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N294MV accident description

New Mexico map... New Mexico list
Crash location 31.901667°N, 106.651111°W
Nearest city Anthony, NM
32.003990°N, 106.605826°W
7.6 miles away
Tail number N294MV
Accident date 01 Feb 2017
Aircraft type Robinson Michael E Cozy Mark Iv
Additional details: None

NTSB Factual Report

On February 1, 2017, about 1536 mountain standard time, an experimental amateur-built Cozy Mark IV airplane, N294MV, was substantially damaged during a forced landing near Anthony, New Mexico. The airline transport pilot and private pilot were not injured. The airplane was registered to and operated by a private individual under the provisions of 14 Code of Federal Regulations Part 91 as a personal flight. Day visual meteorological conditions prevailed for the local flight, which had recently departed from Cielo Dorado Estates Airport (NM05), Santa Teresa, New Mexico.

The two pilots had been flying about 90 minutes, during which they accomplished several approaches in the local area. While executing a go-around from NM05, the private pilot applied full power and began a climb. About 400 ft above ground level, the pilots noticed a total and abrupt loss of engine power. Based on their perception that the power loss was due to a fuel issue, the pilots turned the fuel boost pump on and adjusted the mixture control, with no effect. The airline transport pilot accomplished a forced landing into a field, during which the right wing and fuselage were damaged.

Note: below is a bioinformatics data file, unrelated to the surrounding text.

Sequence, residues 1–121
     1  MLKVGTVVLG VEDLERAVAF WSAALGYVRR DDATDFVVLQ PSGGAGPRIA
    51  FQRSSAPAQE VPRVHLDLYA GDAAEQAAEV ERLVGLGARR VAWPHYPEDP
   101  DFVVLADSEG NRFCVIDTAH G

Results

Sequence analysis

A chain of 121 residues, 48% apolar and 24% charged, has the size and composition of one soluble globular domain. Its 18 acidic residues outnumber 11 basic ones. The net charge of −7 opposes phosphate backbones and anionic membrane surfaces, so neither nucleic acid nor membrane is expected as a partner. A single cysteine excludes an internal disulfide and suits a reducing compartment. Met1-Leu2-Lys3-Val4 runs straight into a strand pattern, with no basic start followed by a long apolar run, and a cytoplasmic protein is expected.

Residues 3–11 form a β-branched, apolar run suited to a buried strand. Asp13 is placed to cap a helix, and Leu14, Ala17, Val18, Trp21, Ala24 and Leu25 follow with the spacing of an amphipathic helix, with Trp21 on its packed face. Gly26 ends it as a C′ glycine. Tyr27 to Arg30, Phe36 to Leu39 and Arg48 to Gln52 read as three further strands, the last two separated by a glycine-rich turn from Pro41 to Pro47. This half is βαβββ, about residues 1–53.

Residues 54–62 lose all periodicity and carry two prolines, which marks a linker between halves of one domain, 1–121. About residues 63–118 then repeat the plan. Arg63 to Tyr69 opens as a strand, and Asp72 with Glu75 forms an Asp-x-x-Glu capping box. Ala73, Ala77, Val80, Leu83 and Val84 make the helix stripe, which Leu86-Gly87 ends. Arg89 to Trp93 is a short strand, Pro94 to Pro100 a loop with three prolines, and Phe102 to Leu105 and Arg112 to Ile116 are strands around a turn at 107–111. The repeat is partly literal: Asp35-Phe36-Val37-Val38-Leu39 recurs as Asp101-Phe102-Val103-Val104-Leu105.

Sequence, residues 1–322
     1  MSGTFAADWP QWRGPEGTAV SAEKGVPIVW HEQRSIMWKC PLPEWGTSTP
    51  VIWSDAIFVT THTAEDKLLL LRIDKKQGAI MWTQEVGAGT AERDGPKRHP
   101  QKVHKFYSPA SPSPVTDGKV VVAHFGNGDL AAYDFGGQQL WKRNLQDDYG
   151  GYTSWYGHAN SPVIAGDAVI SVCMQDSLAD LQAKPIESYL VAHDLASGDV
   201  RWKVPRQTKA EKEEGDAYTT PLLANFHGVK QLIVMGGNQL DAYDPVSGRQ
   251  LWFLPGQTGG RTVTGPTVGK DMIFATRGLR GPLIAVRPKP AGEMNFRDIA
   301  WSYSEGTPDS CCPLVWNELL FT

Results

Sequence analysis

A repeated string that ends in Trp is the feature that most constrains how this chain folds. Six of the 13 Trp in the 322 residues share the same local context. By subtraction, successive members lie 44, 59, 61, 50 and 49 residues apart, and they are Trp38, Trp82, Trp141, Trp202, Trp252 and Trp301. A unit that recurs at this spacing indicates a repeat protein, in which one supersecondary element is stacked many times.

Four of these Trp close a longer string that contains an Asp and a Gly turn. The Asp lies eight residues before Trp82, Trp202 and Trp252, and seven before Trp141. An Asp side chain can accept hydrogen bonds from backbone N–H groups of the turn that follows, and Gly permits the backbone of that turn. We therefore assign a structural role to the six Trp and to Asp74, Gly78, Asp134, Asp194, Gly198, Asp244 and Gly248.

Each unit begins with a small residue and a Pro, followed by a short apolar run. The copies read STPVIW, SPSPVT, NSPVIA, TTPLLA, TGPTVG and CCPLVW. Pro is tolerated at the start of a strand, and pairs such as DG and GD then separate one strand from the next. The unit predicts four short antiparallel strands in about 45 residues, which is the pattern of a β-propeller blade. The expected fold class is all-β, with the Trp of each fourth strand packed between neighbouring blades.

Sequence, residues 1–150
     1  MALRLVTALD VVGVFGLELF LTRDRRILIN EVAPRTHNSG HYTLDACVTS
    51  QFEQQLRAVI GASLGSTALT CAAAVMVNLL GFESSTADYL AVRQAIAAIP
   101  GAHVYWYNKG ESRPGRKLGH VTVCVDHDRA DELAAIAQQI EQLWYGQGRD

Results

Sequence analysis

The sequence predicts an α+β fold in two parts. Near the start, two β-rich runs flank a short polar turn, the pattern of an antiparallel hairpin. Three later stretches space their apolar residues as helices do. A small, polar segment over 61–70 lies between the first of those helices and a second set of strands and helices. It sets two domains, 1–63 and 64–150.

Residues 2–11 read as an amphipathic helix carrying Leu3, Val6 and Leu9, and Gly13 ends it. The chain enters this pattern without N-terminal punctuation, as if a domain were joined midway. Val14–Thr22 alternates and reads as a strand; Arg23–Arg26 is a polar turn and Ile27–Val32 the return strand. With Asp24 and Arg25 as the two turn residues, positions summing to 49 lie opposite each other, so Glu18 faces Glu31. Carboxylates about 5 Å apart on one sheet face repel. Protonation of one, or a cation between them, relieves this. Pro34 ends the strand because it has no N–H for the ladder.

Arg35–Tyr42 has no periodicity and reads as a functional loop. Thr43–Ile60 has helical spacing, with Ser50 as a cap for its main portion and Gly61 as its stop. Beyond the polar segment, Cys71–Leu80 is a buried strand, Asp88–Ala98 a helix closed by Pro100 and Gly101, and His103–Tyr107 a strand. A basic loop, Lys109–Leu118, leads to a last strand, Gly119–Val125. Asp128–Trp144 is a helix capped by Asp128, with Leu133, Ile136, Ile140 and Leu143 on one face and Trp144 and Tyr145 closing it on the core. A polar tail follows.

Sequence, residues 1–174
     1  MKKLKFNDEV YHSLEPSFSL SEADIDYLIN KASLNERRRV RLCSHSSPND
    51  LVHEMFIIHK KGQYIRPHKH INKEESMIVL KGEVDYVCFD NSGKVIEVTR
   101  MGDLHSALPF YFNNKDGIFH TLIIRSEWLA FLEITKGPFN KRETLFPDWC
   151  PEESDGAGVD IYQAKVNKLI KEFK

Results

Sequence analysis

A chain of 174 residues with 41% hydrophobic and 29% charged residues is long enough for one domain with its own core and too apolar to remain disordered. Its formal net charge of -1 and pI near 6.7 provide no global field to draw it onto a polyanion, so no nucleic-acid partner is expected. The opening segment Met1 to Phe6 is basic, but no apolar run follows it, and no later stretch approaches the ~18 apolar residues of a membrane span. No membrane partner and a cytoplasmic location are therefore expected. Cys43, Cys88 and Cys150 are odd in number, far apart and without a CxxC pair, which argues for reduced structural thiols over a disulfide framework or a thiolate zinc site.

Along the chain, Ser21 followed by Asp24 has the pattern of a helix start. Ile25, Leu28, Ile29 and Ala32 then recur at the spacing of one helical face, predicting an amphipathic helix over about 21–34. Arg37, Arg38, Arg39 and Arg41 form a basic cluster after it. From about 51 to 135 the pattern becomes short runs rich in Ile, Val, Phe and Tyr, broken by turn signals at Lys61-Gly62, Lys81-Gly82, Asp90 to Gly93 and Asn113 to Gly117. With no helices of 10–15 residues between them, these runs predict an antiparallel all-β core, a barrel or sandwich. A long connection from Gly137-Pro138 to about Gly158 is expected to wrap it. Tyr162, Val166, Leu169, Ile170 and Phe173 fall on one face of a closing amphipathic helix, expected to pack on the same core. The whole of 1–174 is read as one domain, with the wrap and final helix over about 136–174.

The accident occurred on the second flight of the amateur-built airplane, which was equipped with a Lycoming IO-360-C1C fuel injected engine. Examination at the accident site by a Federal Aviation Administration (FAA) inspector revealed adequate fuel was present in both the left and right fuel tanks, with the fuel selector in the right tank position.

At the recovery location, a mechanic's examination revealed that all fuel lines and the fuel filter were intact and unobstructed. A small amount of sanding dust was observed in the fuel filter. The fuel boost pump was tested and determined to be operational. The fuel flow divider was removed and disassembled, which revealed a small amount of sanding dust. A flow check was conducted on the fuel nozzles, with no blockages or anomalies. During rotation of the propeller, the engine displayed normal continuity and magneto operation. No engine or fuel system anomalies were discovered that would have resulted in a loss of engine power.

NTSB Probable Cause

A total loss of engine power during climbout for reasons an examination of the engine and fuel system was not able to determine, which resulted in a forced landing on unsuitable terrain.

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